Former Tennessee Economic and Community Development Commissioner Matt Kisber said Saturday night he does not remember if the controversial Amazon.com tax arrangement with the state was ever put in writing.
The question of whether the Amazon deal was actually put on paper or was the result of a handshake deal has been one of many questions surrounding the agreement, which was made during former Gov. Phil Bredesen’s administration, in which Kisber served.
The Tennessee Department of Revenue commissioner at the time, Charles Trost, has previously refused to comment on specifics of the Amazon arrangement, as has Bredesen.
Amazon struck a deal with Tennessee in the waning weeks of Bredesen’s second term, where the Internet sales giant would build two distribution plants in the state and not have to collect sales taxes on its transactions — as opposed to the collection of the sales tax by the many bricks-and-mortar retailers in the state.
Some lawmakers, including chairs of both the House and Senate finance committees, have criticized the deal with Amazon, saying it gives Amazon an unfair competitive advantage.
Amazon has committed to building two distribution centers in southeast Tennessee, one each in Bradley and Hamilton counties, where the company agreed to provide more than 1,000 jobs. The Bredesen team made the deal under the presumption that if it did not offer the incentive on tax collections, Amazon might take its distribution centers — and the jobs that go with them — to another state, like Georgia. Amazon, it was recently reported, has offered 1,500 people jobs at the Bradley and Hamilton centers.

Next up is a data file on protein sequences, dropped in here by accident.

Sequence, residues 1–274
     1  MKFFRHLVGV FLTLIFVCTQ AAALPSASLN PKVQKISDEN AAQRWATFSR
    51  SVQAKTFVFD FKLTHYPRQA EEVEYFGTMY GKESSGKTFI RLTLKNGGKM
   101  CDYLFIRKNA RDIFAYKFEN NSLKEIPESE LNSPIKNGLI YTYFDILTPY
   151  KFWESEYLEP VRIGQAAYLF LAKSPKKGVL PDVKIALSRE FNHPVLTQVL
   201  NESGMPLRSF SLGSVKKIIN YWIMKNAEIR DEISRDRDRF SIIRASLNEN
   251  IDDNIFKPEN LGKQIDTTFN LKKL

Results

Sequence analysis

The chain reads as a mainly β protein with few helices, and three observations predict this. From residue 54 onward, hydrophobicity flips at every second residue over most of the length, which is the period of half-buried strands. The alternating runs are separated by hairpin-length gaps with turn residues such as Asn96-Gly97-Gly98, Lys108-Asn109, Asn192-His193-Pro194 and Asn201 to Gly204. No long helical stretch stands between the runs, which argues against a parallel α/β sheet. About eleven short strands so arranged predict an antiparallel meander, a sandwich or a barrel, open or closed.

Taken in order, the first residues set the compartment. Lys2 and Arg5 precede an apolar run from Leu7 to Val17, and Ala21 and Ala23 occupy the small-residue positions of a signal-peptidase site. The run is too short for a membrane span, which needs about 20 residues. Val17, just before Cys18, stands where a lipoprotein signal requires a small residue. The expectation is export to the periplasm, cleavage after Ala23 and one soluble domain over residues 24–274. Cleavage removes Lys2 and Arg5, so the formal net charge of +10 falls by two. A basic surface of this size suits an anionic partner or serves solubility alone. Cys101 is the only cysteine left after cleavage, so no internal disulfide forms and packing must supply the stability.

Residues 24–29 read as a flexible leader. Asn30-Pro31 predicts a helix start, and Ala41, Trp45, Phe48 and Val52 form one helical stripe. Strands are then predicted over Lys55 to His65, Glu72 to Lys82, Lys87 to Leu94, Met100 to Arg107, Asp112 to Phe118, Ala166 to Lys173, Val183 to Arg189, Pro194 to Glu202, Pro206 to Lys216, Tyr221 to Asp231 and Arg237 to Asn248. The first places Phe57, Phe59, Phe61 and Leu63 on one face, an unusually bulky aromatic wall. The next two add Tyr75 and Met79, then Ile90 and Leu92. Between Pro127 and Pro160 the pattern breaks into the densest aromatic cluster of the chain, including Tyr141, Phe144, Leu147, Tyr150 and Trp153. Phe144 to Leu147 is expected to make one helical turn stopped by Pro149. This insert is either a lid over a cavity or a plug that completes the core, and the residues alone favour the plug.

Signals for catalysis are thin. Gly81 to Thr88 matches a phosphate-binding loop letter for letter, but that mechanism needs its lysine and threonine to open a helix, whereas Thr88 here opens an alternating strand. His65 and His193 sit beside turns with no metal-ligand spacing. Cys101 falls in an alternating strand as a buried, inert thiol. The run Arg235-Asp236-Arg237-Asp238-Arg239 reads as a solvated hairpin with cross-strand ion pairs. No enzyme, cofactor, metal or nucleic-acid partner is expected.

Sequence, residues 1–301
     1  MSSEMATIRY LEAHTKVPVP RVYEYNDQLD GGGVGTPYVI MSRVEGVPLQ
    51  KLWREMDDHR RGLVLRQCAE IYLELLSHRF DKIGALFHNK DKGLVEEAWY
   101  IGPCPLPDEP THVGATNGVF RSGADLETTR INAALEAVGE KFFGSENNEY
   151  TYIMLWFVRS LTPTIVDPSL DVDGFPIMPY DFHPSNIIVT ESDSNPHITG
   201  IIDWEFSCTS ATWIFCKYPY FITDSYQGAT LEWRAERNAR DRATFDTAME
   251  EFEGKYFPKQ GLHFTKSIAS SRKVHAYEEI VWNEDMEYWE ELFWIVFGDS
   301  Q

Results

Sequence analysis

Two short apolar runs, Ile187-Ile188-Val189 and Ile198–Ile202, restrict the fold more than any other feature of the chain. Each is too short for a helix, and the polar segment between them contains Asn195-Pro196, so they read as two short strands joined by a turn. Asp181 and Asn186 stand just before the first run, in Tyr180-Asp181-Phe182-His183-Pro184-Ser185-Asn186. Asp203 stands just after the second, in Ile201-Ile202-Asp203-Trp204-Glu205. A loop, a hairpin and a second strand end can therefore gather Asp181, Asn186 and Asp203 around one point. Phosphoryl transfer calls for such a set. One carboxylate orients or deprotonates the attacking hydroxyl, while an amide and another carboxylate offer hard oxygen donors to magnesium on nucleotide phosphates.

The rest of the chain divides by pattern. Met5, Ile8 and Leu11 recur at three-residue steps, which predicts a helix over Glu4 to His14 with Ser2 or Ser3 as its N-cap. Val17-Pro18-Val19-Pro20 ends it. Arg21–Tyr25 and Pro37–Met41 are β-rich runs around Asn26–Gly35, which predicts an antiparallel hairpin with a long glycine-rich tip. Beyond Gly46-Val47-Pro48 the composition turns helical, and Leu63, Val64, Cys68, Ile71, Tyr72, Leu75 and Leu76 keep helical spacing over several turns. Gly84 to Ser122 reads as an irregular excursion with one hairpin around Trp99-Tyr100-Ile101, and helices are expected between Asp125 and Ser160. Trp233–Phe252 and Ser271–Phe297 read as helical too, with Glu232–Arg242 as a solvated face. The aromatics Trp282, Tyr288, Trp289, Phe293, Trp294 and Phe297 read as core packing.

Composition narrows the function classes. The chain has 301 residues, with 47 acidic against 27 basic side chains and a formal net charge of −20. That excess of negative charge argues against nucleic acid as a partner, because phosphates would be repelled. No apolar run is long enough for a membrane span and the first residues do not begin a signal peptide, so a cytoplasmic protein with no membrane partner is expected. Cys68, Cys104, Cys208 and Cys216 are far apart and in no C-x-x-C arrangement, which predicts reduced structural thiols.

Amazon recently announced a third Tennessee distribution center, in Lebanon in Wilson County.
The issue of transparency on letter rulings — written statements on tax issues for specific taxpayers — from the Department of Revenue has risen during the Amazon debate. When lawmakers considered the Amazon deal during the legislative session this year, one of their questions was whether Amazon’s agreement was ever formally put on paper.
When asked Saturday night at the Tennessee Democratic Party’s Jackson Day Dinner in Nashville if the Amazon agreement was in writing, Kisber gave a long pause.
“I don’t actually remember,” he said, then taking another pause. “I really don’t. I don’t know if we got an MOU (memorandum of understanding). That’s so far back now, in terms of what I’ve been dealing with, I don’t … I don’t honestly remember. I would have to defer to the current administration.
“I remember the discussions. I remember everything we discussed, but I don’t remember if it got … if there was a written agreement or not.”
Kisber and former Revenue Commissioner Reagan Farr have launched Silicon Ranch Corporation, a solar power development business, since leaving office. Bredesen is chairman of the operation.
Richard Roberts, current revenue commissioner under Gov. Bill Haslam, has refused to comment on Amazon’s deal, citing policies that prevent him from discussing agreements with private taxpayers.
Kisber said the project was in the works for many months and that there were multiple discussions involved in the deal. He recalled people on the site selection team, both on the consultant side and the company side, in the dealings with Amazon.